Every travel destination has its own particular things to do. Things to do in Orlando include: to go Disney World, Epcot Center, and Universal Studios. Things to do in Paris include: visit the Louvre, see Notre Dame, and go to the Eiffel Tower. Things to do in Bali, aside from trying to not die of heat stroke include: SCUBA diving and snorkeling, watching a traditional Balinese dance, go white water rafting in the jungle, and last but not least, visit the sacred monkey temple.
My darling Colombian husband grew up in the Amazon and was not very impressed with monkeys.
“They throw sh*t at you.” He told me when I brought up the idea of seeing the temple. “I grew up with monkeys.” He added.
Guess what we did that day?
Our hotel concierge and staff assured us that all of the day trips were already booked and no way could we go to the temple. My resourceful husband asked about the exact location of the temple and negotiated a price with a driver we had met the previous day to take us. Take that day tours!
It was so worth it. The legends say that the monkeys are the spiritual guardians of the temple. The temple is not what we Westerners think of as a temple with 4 walls and a roof. It is an area of land with statues, alters, water, and greenery. Cathedrals aren’t needed nor are stained glass windows. The giant trees, moss, and trickling water are beyond words. And the monkeys! The monkeys are amazing. It’s a living, breathing community with rascal teenage monkeys trying to jump on site seers to steel purses and cameras, older monkeys sitting in corners, and babies clinging to their mothers. I couldn’t help but think of my children.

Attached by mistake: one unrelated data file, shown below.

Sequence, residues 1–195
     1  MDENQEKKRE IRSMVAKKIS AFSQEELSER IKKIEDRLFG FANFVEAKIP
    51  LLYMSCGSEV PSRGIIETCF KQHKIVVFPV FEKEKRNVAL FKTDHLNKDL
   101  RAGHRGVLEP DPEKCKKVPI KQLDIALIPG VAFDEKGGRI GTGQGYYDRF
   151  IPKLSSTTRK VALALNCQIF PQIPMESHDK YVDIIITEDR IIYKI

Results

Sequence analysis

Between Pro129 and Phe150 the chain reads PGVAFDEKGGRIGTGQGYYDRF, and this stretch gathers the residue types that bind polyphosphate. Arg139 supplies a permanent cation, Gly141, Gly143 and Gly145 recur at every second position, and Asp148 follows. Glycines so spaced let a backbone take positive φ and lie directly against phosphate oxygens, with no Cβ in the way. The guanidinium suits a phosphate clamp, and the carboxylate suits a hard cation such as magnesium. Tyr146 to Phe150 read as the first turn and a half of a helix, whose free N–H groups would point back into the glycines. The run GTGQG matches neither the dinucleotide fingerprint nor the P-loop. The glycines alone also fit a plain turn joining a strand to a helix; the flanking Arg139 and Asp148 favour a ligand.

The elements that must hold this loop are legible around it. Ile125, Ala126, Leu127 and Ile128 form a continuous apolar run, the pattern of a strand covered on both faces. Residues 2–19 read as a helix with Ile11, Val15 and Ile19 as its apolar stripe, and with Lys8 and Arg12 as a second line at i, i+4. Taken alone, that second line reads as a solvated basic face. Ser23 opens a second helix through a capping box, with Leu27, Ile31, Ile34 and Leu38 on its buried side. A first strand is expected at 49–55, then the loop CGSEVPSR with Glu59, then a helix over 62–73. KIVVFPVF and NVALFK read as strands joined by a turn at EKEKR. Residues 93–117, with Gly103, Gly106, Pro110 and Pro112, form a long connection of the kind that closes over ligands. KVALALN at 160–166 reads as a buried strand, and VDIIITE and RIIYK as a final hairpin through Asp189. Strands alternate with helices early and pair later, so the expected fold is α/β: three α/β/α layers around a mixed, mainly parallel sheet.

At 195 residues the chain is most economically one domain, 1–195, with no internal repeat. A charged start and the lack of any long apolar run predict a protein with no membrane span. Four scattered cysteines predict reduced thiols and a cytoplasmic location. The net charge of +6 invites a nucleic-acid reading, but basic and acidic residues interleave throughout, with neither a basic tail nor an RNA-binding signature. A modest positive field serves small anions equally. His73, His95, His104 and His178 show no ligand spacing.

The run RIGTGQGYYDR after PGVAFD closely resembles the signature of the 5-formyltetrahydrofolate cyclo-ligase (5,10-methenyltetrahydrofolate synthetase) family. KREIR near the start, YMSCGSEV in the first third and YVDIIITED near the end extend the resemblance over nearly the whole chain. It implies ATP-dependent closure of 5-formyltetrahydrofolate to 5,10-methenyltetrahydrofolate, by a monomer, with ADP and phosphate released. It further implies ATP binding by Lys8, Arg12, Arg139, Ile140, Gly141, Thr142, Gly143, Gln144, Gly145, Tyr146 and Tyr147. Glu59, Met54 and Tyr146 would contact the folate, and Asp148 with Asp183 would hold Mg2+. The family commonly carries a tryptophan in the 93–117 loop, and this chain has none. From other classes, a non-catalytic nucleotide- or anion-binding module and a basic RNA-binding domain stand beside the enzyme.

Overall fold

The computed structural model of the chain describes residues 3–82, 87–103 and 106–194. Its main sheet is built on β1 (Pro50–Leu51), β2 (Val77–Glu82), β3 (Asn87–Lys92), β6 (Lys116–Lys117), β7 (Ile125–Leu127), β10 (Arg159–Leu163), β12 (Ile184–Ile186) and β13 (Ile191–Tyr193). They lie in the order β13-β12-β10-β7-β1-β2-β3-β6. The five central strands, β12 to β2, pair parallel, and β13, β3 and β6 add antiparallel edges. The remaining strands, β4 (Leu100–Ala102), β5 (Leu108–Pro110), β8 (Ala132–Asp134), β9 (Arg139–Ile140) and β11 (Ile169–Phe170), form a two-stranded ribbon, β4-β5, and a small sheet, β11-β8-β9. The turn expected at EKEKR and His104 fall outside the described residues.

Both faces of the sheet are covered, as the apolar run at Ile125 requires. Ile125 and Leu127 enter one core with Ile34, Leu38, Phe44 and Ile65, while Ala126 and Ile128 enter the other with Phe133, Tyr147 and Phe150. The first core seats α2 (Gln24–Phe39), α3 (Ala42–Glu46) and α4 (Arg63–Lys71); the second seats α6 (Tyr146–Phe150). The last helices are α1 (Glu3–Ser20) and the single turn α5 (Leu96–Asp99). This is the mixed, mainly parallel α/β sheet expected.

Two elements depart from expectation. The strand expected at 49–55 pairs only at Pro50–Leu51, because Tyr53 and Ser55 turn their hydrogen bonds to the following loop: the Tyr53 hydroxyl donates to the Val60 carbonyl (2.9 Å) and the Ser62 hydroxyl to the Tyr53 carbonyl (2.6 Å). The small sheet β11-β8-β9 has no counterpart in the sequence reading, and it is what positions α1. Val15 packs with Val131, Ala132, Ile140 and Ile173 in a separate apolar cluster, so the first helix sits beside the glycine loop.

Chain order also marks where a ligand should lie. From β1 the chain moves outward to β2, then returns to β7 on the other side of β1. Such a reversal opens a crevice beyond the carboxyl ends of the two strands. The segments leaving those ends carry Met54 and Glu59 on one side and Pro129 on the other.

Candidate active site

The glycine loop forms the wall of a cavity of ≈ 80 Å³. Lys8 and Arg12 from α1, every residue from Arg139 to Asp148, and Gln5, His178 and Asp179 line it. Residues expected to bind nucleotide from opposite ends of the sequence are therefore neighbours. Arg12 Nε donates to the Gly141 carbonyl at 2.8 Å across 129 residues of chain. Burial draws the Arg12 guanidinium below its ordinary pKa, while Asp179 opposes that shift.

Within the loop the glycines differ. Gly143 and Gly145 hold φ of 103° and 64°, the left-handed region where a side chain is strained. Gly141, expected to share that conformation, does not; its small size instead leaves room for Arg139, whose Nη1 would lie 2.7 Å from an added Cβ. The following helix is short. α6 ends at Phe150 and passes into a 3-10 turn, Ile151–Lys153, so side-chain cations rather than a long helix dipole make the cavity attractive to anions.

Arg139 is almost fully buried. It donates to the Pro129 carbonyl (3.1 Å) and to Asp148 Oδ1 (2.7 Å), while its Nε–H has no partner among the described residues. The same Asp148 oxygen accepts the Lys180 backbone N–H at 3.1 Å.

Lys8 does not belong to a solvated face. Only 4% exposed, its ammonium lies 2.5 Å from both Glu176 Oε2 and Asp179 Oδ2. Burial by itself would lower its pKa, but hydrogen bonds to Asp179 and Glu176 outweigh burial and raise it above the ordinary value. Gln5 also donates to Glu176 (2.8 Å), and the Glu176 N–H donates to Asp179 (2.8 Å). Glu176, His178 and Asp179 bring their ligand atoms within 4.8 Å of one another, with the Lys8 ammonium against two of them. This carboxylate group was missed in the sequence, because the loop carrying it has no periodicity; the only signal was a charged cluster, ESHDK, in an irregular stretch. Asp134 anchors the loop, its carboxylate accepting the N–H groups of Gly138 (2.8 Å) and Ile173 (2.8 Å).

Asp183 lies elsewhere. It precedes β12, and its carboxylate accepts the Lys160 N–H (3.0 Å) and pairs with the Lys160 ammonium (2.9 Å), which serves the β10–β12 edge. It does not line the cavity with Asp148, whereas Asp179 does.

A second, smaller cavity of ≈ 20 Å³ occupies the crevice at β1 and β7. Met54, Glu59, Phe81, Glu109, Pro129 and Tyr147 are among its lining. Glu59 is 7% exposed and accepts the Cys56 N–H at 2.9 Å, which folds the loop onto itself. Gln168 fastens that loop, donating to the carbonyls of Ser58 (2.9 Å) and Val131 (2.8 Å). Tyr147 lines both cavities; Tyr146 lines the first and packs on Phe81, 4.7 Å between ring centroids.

We purchased some bananas to feed the monkeys. While my husband helped me close my backpack, a monkey ran behind him and snatched his entire bundle of bananas. Mr. Amazon himself was swindled. You would think he knew better. The attendant just shook her head.
How refreshing to leave the city and head into the jungle. The roads to the temple were off the beaten path giving glimpses to life in Bali. I saw ladies sweeping away palm tree leaves. I saw gentlemen replacing offerings with fresh incense that adored each home. I saw the Balinese version of trash cans-large, gorgeous ceramic pots. We drove past several stores that sold ceramic deities. Each home and neighborhood has an alter filled with various deities. One Balinese man told me that you can buy a statue of a deity but it’s only when it’s blessed by a priest that part of the spirit of that deity resides in the statue.
I’m not Hindu but, I certainly experienced spirituality at the temple. Thank you Bali.